The one element that is consistently listed, in pre-training questionnaires, as the least favourite sales training activity is role play. The one element that is consistently listed, in post-training feedback, as the most useful sales training activity is role play.
I wrote recently about the importance of structure in sales conversations for consistent success and today I’d like to draw your attention to another key element. Too often, salespeople and their leaders fail to recognise the power of practice. In every other walk of life, every other activity, every other learning process, we all rate practice as one of the key ingredients. Preparing for a piano exam? Practise the pieces. GCSEs coming up? Practise exam papers. Big presentation on the horizon? Practise to an empty room / mirror / friend.
Yet most sales teams do not dedicate any regular time to practise. Why?
At the heart of the problem is the myth that because every person is different, every sales conversation is completely different. This is simply not true. If you have hundreds of conversations with your clients or prospective clients, somewhere between 60% and 90% of the content will be very similar. You will have similar questions to ask in most conversations; key points about your company and how it helps will be said again and again, mostly in the same fashion. Either side of the questions and the selling will be introductions and agreements to next steps, neither of which will vary as much as people think.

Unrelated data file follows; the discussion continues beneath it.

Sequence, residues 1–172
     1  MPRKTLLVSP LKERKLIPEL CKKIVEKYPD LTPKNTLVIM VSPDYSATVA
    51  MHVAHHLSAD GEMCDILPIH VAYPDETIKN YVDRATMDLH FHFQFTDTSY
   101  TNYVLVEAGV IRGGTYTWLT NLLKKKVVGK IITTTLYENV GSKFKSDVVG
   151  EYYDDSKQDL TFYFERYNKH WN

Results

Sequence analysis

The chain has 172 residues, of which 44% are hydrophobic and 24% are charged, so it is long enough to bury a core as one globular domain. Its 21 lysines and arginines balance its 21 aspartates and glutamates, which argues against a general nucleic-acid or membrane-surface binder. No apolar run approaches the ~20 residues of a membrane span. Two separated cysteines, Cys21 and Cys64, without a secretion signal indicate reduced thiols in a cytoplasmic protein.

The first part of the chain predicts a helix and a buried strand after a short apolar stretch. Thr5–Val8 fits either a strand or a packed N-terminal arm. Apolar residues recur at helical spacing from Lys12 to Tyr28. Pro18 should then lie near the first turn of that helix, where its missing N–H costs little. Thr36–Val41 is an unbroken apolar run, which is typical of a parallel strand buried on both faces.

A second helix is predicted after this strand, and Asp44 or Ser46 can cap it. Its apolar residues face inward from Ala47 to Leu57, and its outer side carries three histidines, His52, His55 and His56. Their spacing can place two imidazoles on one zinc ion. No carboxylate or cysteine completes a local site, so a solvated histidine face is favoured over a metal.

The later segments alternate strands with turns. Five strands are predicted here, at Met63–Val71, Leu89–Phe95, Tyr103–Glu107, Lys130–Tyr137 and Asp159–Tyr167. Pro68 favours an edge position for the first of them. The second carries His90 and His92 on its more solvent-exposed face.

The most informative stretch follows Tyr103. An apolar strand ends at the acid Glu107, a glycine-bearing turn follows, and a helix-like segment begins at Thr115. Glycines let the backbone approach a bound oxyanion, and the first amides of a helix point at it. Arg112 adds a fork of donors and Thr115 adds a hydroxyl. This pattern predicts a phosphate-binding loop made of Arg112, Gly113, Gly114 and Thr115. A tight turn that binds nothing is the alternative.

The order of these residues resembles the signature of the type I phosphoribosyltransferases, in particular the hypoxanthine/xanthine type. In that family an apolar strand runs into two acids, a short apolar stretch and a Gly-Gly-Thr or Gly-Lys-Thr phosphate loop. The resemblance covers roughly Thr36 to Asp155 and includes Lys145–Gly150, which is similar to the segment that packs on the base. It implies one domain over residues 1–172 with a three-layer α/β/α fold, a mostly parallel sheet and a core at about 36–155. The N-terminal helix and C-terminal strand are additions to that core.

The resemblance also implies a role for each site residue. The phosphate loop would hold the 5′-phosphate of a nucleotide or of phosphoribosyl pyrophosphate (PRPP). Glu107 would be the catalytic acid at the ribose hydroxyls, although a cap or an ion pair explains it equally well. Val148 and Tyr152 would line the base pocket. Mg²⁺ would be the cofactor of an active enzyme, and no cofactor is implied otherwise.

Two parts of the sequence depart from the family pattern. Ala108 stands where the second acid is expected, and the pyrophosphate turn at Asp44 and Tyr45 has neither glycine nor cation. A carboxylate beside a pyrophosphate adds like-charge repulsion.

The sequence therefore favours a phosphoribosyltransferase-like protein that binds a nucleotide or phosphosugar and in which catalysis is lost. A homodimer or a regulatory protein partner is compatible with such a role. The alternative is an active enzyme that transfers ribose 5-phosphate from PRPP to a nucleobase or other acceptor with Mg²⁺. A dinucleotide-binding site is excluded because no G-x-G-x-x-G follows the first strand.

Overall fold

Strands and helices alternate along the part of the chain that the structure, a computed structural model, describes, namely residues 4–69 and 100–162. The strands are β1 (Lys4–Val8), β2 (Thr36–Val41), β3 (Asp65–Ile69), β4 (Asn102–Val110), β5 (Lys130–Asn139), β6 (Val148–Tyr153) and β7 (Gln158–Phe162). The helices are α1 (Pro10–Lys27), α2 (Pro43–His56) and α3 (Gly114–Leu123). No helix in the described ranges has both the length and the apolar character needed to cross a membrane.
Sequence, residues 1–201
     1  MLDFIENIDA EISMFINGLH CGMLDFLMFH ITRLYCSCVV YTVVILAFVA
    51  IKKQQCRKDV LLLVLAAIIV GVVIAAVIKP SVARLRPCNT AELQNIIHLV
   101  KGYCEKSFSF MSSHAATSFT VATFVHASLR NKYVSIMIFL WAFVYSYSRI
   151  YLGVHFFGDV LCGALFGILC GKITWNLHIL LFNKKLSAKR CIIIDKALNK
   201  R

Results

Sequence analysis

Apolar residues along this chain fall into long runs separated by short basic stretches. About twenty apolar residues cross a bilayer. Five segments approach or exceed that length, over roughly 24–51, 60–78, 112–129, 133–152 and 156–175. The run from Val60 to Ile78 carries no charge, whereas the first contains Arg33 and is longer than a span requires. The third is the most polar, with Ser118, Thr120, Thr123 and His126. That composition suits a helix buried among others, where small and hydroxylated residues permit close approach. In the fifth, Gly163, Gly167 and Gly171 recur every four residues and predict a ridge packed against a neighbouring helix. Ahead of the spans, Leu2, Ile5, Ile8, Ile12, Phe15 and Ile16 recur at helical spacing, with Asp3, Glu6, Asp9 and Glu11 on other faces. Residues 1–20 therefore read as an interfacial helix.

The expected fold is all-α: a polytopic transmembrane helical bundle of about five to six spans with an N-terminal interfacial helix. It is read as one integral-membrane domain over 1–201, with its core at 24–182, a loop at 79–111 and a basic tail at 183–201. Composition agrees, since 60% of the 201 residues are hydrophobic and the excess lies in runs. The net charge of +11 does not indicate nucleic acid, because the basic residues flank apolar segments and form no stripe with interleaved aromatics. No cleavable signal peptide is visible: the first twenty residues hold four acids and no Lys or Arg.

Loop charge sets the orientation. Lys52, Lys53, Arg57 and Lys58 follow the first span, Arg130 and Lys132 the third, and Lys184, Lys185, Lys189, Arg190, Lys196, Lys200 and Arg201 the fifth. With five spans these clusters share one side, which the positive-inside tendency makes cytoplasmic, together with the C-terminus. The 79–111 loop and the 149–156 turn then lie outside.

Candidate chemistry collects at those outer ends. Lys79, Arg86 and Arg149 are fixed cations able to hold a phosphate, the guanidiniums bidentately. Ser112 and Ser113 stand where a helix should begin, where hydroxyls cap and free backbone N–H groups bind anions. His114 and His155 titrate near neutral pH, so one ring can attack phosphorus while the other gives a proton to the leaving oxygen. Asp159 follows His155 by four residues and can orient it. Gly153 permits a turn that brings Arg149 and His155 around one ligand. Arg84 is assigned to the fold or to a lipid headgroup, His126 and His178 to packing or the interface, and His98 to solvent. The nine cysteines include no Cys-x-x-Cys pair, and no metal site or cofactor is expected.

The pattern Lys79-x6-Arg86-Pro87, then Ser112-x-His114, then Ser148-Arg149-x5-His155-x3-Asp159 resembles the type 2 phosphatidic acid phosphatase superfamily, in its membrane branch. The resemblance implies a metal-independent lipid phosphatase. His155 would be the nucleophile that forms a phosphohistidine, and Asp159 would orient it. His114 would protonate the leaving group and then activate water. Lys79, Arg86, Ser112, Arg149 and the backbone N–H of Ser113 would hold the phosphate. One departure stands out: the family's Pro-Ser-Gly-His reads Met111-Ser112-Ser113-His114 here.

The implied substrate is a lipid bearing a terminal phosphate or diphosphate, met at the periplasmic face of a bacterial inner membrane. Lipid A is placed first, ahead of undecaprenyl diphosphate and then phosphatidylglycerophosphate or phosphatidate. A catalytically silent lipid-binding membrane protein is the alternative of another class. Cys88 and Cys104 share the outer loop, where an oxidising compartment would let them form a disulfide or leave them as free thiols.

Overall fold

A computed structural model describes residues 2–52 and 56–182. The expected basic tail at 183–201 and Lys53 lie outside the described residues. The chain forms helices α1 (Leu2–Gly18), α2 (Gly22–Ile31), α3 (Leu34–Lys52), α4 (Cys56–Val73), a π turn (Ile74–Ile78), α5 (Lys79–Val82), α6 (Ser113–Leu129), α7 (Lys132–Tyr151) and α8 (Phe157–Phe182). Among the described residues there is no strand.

You can’t prepare and practise for everything but this does not mean that you should prepare and practise nothing. Once you recognise that a large proportion of each sales conversation can be practised, the question becomes simpler: instead of ‘Why should I practise?’, we ask ‘How and when should I practise?’
The best in most fields of human endeavour practise every day. That would help every salesperson and every sales team today and every day thereafter but, even if you can’t find a way for daily practice, could you find 15 minutes once a week? If you really want to improve performance quickly and effectively, the answer is yes.
Practice in the form of role plays forms an integral part of all our sales training programmes because we believe that structure plus practice helps every one of us to be better in any activity. This doesn’t take away the ability of the experienced salesperson or the raw promise of a newcomer but, rather, it enables them to repeat the right habits to make the most of their ability. Whether an experienced professional like Rafa Nadal or relative newcomer like Emma Radacanu, the best in sport, entertainment and business put in the hours of practice. It’s time that salespeople caught up.